Country Living Series

Saturday, April 27, 2013

Interviewing a sheep dairyist

On Wednesday, I had a very interesting experience. I interviewed a sheep dairyist at a facility called Homestead Farm.

The reason behind this interview is that Backwoods Home Magazine asked me to write a comprehensive article on home dairying. Cow and goat milk is pretty obvious, but sheep milk? When I learned there was a sheep dairy within reasonable driving distance, I decided to learn a little more about this resource. What a gem of an opportunity.

The farm is run by John Cady, along with his business partner Shari Pratt and her husband Dale Pratt, who is a certified Master Cheesemaker.

John raises Katahdin sheep, a breed that doesn't need shearing because they shed. In other words, they have fur instead of wool.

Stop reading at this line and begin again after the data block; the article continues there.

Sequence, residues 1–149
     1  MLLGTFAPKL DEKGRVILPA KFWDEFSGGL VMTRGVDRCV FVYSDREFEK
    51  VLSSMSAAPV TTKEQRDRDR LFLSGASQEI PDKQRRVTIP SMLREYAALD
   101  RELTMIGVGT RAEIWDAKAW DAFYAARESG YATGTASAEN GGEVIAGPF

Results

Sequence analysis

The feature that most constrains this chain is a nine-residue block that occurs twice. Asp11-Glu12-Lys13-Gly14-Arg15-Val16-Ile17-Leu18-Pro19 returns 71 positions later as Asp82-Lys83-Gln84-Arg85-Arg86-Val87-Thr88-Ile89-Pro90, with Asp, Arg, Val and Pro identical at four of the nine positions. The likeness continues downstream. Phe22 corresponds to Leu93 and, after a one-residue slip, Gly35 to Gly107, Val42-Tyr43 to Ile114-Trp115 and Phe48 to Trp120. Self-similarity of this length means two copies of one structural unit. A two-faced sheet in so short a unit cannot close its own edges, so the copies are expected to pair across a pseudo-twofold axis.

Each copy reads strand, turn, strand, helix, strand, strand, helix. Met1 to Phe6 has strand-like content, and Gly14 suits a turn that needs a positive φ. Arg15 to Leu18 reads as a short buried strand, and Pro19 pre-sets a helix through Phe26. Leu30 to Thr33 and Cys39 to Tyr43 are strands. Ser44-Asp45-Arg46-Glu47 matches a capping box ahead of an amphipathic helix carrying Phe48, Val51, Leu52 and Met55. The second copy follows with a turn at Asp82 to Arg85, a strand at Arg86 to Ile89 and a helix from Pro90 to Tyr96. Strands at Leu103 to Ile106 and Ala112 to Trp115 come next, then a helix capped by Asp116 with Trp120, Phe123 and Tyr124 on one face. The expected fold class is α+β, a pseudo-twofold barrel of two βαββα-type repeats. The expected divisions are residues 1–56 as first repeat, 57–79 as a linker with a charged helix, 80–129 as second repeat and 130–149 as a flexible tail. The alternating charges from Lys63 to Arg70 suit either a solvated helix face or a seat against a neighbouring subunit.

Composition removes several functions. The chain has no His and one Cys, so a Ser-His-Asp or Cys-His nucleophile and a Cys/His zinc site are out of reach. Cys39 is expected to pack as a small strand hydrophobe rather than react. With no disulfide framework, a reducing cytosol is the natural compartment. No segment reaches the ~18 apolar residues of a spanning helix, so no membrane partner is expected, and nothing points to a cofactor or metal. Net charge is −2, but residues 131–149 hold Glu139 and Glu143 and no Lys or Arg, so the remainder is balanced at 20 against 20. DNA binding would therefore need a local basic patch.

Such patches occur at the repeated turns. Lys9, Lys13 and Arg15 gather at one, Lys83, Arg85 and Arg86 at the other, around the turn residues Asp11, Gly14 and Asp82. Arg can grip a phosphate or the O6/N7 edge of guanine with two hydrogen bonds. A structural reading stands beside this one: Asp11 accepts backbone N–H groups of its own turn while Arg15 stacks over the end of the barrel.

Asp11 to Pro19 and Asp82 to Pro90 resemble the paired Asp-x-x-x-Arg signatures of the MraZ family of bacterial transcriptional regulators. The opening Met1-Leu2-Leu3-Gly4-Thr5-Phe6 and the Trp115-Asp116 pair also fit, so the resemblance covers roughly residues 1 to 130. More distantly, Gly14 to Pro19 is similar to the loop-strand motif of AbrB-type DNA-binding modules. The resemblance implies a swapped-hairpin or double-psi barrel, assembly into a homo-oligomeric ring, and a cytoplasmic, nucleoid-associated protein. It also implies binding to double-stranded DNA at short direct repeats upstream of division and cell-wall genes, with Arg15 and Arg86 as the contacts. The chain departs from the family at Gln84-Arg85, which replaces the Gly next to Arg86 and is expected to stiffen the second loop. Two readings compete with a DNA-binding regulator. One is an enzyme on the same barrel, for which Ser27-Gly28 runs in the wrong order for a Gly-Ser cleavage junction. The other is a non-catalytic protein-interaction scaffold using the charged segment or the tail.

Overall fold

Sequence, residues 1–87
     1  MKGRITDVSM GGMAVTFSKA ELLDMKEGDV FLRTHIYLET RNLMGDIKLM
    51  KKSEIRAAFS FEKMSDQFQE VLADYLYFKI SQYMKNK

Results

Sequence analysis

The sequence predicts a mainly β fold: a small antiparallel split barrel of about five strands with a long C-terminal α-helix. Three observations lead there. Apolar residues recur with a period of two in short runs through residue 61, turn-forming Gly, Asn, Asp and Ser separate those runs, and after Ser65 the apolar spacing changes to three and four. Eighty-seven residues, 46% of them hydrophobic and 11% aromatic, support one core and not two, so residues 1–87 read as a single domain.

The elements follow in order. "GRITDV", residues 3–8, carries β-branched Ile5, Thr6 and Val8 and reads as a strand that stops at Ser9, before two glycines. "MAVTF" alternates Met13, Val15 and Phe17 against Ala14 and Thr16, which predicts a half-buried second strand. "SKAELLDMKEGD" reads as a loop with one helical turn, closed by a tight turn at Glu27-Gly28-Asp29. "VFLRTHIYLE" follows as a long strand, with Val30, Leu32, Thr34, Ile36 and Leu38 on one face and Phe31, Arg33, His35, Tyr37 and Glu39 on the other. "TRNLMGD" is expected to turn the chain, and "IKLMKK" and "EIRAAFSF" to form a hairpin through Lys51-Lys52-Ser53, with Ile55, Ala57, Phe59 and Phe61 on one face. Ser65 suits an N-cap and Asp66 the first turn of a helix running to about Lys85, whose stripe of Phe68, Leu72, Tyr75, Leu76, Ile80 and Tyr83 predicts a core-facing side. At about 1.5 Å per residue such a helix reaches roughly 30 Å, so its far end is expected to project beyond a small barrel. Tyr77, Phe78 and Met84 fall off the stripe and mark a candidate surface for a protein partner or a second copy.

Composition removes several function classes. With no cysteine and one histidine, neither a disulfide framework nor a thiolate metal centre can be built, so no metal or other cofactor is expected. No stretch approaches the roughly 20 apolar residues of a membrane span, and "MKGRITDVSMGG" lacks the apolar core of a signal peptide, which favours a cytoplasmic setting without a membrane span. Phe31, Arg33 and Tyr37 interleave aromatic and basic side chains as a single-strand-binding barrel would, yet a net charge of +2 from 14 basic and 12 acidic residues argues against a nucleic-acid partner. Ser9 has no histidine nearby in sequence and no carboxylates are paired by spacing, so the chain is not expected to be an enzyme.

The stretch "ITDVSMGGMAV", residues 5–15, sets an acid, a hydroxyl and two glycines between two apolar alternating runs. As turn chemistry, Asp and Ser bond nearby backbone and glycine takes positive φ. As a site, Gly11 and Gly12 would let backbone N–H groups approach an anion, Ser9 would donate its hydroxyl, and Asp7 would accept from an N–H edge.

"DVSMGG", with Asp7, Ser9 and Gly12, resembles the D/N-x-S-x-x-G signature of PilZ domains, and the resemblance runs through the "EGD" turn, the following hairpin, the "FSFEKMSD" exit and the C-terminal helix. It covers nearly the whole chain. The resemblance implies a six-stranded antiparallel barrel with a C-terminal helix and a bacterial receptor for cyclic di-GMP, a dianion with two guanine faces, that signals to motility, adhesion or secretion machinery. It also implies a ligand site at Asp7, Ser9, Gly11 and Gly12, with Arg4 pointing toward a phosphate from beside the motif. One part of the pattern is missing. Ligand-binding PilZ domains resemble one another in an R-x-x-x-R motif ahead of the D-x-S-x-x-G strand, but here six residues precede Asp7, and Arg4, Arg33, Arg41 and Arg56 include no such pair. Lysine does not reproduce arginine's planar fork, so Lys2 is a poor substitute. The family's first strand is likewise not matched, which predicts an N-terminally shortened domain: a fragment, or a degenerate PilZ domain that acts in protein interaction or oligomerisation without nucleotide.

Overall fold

Like goats, sheep are most comfortable to milk on an elevated stand.

A sheep's udder is decent-sized relative to the size of the animal -- but the teats are so small! How can you grab and milk a teat that size?

The answer is to use an EZ Milker, a handheld suction device that is pumped to create a vacuum to start the milk flowing. After a few pumps the milk runs out on its own. The advantage of this system is it keeps the milk squeaky clean.

Unlike cows, where milk is measured in gallons; or goats, where milk is measured in quarts... sheep milk is measured in ounces.

Sheep's milk has small fat molecules which won't separate the cream from the milk, so making butter isn't possible without a culture. Which begs the question, why milk sheep?

The answer? Cheese!

Sheep's milk is wonderful for lactose-intolerant people (better than goat's milk, in fact), and makes superb ice cream and yogurt. But the most princely product is cheese. Sheep-milk cheese is considered a gourmet item and is sold in Costco for upwards of $40/lb.